I knew it was counterintuitive for an African-American (me) to visit Richmond's Museum of the Confederacy two days before Martin Luther King Day and the second inauguration of our first black president. But I went anyway, because I'm on a journey into a past I didn't know I had.
This mission started a year ago, south of Richmond, and just outside Williamsburg at a top-secret military base called Camp Peary. (It's also reported to be a Central Intelligence Agency facility, though when I asked a public affairs officer about the Agency's presence using the familiar initials, he deadpanned, "You mean the Culinary Institute of America?")
The installation occupies almost 11,000 acres along the York River. This land was owned until 1943 by hundreds of families, mostly African-American, some of whom had lived there since the end of the Civil War. They were evicted to expand a World War II navy training base; their community, called Magruder, was bulldozed. My father was born in Magruder. My great-grandfather, a formerly enslaved person and Union soldier, is buried on the base.
Camp Peary inherited several cemeteries when it took the land. Last year, I got permission to visit the African-American burial ground with my wife, Erin, and relatives. We were escorted by a public affairs representative and a friendly (and armed) police officer. For 70 years the military hadn't maintained the cemetery, but the current leadership has taken steps to spruce it up.
I didn't know much about Mat or his wife, Julia. No one in our family did. Our history, like that of most African-Americans, is largely a vacuum before the 20th century. I knew that this absence of history was actually an erasure of African-American history. And I knew that blacks were systematically stripped not just of their freedom, but of their identities and family bonds to keep them isolated and ignorant. This was an essential component of slavery and of the system of terror and legal peonage put in its place, called Jim Crow. But knowledge of these injustices didn't fill my own vacuum.
Standing at Mat's tilting and fractured headstone, though, I felt the beginnings of a powerful connection to my ancestors, men and women who carved lives out of Virginia swampland against all odds.
This is arguably our nation's most significant social, political, and economic transformation: African-Americans who by law had been considered property before the Civil War fighting for the right to own property after it. It's an amazing American story, one that has been nearly erased with the destruction of Magruder and communities like it all over the South.
Fundamentally, the MoC shrouds the horrific machinery of the slaveholding South in empty but seductive myths and Confederate flags.Tucked away behind a locked glass door in the museum's basement education center are large photos of poor but tidy black folks. I saw no images of chains, whips, or any of the mechanisms of control and violence that defined the slave system. There is no standing exhibit dedicated to the very foundation of southern (and northern) prosperity, slavery -- and certainly nothing about black resistance, sometimes violent but often not, to the inhuman system.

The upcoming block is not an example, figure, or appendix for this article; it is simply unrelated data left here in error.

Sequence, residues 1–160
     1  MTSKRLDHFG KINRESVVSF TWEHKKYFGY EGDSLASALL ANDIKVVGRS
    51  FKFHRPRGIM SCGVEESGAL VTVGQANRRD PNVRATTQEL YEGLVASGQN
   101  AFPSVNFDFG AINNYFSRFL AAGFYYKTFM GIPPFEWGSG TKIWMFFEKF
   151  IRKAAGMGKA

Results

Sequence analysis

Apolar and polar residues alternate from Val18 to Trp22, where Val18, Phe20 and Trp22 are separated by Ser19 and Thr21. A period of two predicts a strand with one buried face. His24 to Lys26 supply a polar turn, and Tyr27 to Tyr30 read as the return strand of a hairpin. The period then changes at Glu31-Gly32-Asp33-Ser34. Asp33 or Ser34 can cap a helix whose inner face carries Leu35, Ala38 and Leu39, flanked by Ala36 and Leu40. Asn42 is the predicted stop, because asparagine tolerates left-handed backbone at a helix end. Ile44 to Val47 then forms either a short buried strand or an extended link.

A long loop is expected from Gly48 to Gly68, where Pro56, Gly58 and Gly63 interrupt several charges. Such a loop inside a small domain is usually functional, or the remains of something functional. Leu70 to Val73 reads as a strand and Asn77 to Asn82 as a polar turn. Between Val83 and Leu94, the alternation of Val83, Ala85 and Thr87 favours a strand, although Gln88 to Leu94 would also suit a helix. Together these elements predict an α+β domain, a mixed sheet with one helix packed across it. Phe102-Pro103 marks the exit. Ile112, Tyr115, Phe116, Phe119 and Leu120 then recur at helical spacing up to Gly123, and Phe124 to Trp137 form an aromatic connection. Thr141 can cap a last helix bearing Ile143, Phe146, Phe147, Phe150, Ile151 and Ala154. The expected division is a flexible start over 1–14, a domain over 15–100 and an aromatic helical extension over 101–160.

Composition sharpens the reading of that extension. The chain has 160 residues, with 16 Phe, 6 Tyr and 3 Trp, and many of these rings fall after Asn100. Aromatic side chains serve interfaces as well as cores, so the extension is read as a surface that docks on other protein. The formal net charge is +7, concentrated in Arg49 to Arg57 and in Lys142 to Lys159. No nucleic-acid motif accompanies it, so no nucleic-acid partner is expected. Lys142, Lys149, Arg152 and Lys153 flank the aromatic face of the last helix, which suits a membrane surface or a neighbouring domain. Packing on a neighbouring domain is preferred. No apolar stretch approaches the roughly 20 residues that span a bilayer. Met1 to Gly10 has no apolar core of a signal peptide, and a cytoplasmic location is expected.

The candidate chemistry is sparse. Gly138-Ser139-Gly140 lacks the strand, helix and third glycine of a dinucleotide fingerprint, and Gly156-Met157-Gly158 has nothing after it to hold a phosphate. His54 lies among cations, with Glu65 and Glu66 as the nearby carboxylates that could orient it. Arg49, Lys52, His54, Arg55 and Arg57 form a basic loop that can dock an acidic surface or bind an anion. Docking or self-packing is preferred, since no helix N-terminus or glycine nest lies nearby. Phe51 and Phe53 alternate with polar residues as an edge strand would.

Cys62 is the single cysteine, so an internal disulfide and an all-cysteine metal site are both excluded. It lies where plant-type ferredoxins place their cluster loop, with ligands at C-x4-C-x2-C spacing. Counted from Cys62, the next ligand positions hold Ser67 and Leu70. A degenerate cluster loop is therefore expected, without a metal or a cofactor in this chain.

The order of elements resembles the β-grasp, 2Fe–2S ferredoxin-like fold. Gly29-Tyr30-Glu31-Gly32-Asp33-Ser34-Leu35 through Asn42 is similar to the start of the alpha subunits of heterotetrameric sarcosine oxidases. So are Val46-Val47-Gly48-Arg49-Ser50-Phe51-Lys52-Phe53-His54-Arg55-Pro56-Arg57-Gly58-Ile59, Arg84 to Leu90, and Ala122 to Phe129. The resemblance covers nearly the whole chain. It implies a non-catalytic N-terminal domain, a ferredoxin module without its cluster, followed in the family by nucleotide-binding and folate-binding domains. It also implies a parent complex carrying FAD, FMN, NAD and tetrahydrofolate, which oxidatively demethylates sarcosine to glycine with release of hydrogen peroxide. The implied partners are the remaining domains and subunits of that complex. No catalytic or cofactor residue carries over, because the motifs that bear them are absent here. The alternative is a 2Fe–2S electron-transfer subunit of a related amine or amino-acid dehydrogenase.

Yes, there were slaves here, Charlie, the Museum of the Confederacy guide, told us, theatrically. As he uttered the s-word, he raised his hands and waggled his fingers, a gesture reminiscent of Macaulay Culkin in Home Alone.Back in the real world, on Martin Luther King Day, Republicans in the Virginia state senate rammed through amendments to a redistricting plan that would have created a black majority district (yay?) -- but carved out even more GOP-controlled districts. Ahhh. The Republicans in the evenly divided chamber were able to pass the legislation only because one Democrat, African American civil rights lawyer and stalwart Henry Marsh, was in Washington, D.C., at the presidential inauguration. "For Senate Republicans to use my absence to push through a partisan redistricting plan that hurts voters across the state is shameful," Marsh said in a statement. Over at Esquire.com's "Politics Blog," Charles P. Pierce had a less delicate response:
This is a legislature acting to devalue African American voters to the advantage of white voters. This is Jim Crow bullshit, and no politician who deals in it, and no political party that continues to support said politician, is worthy of support by decent people in the year 20-goddamn-13.
But on February 6, something surprising and heartening happened in Richmond: The Republican speaker of the house stripped the measure from the bill it had been affixed to, effectively killing the plan.
"One can only imagine what concessions on other legislation were extracted from Virginia Democrats behind the scenes in exchange for Republicans 'voluntarily' killing the Senate redistricting bill," writes Peter Rousselet at ARL.com. Something to think about -- and investigate -- but this is definitely a victory worth celebrating.
Also on MLK Day, Virginia Republicans pushed through one last motion after their redistricting gambit: to adjourn "in memory of General Thomas J. 'Stonewall' Jackson," the Confederate general -- an insult, to be sure, but one with less potential to cause injury than the redistricting plan.